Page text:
Conflict is a natural part of all human relationships and organizations. Some conflict even contributes to the health and vitality of our churches.
A false energy can fill a congregation during the trust versus mistrust stage. Some clergy refer to this stage as the honeymoon phase. In this stage, pastors rely on the authority given to them in their position. If they make it past the three-year stage with trust, then they can rely more on the authority that they earn in the midst of their relationships.
Establishing trust requires a deep level of commitment from church members and pastors alike. Creativity and community also take time to develop. They emerge from a culture of high levels of communication where cooperation and collaboration are the norm. All pastors function better in a context of support and trust, where cooperation and collaboration are present. When the church works well together, relationships develop more deeply and completely. Creativity has a lot to do with what the church is striving to do, whereas the fellowship and community that emerges has to do with who the church is becoming and how they are getting there.
In his book Navigating the Transition Zone, Covenant pastor D. Darrell Griffin likens a new pastor arriving at an established church to a person who shows up in the middle of a movie. He writes, “Newly appointed pastors enter into individual and collective congregational stories in progress.” How the pastor listens to and comes to understand the larger story of the congregation is a big part of the relationship that is being formed.
Each chapter in a congregation’s story is significant, and the chapter a church is currently writing will have more significance if the pastor understands that he or she is writing it in collaboration with the congregation. In a brand-new church plant, pastors will help the congregation write the first chapter of a larger story. In an established church with a long history, many chapters have been written before a pastor arrives, and they will continue to be written after the current pastor leaves. No church is a blank slate.
In my first few years of ministry, conference superintendent George Elia encouraged me to stay in my churches long enough to “enjoy the fruits of my labor.” It was a great piece of advice. I ended up serving my first church for fifteen years, and I am now in my ninth year at the Covenant church in Attleboro, Massachusetts. The first three years in both churches were filled with many challenges, and I am grateful that I was able to make it through the trust versus mistrust stage with both congregations.
I have enjoyed the creativity and the community that I have experienced with both of these churches as we have written chapters together. No chapter is perfect and each of us experiences some conflict within our ministries. The key is talking to people, not about them when we experience congregational conflict. The more we embrace direct communication, the better we’ll be able to manage conflict in our churches and keep it at healthy levels.
Embracing direct communication and avoiding triangulation will change the way we approach conflict and communication. It will unlock the untapped potential that exists within our church. It will help us to stay out of God’s way and allow God to work in, on, and through us and our church. No pastor can do this on his or her own. Church members and church leaders need to be a part of the solutions. Improving our ability to communicate will inevitably save our churches a lot of time, energy, and heartache.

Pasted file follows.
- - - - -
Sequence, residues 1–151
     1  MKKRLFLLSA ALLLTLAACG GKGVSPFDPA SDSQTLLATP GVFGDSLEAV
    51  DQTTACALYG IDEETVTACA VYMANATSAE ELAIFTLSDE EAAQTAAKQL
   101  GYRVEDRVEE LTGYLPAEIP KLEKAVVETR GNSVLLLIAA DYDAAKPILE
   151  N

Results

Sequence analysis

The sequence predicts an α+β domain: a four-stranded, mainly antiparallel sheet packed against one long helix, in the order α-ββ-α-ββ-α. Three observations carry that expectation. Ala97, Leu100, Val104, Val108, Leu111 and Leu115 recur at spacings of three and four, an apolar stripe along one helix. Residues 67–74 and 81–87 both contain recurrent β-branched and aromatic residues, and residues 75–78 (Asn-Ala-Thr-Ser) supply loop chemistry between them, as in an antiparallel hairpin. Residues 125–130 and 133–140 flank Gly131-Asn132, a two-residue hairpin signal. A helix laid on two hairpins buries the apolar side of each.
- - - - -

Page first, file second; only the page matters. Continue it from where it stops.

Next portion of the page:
Churches will inevitably get more from their pastors if they support and encourage them during these years. No pastor is perfect, just as no church is perfect. When pastors find themselves in perpetually conflicted congregations and they experience more criticism than support, it’s easy to become defensive. And attempts to deny responsibility can lead ito a blame game among staff and church leaders. This kind of downward spiral never ends well. This is when we all know it is time to embrace a new way of functioning, where trust can be established and a new direction can be embraced.
Churches and pastors must embrace a mutual commitment to trust building, and a mutual escape plan to get out of the basement level of communication and move toward the higher evaluations. The good news is that in these higher elevations church members can be enthusiastic about their ministries again and pastors can be encouraged and feel supported in a way that allows them to be enthusiastic about their ministries as well. It is a win/win for clergy and congregations alike.
Five Common Mistakes When Facing Conflict in the Church
#1 We Try to Avoid it
There is a big difference between avoiding conflict and making peace. If we hope to make peace within our congregations, then pastors and church leaders need to confront issues directly and deal with conflict intentionally.
#2 We Get in the Middle
When we jump into the middle of a conflict between two other parties, we form an emotional triangle. Triangulation often turns manageable conflict into out-of-control battles.
#3 We Drag Others into it
When we talk about conflict situations with people not directly involved, then we drag those other people into the middle of our disagreements.
#4 We Amplify it
When we talk about people, instead of to them in the midst of conflict, then we amplify the tensions and difficulties. And we end up inviting other people to take sides before a direct conversation has even taken place.
#5 We Are Impatient
Conflict is a normal and natural part of human relationships and congregational life. Conflict resolution takes time and patience. When we rush through misunderstandings and friction, we fail to deal adequately with the issues at stake.
This article is based on Navigating the Nonsense: Church Conflict and Triangulation, by Doug Bixby, Cascade Books, Copyright ©2016. Used by permission.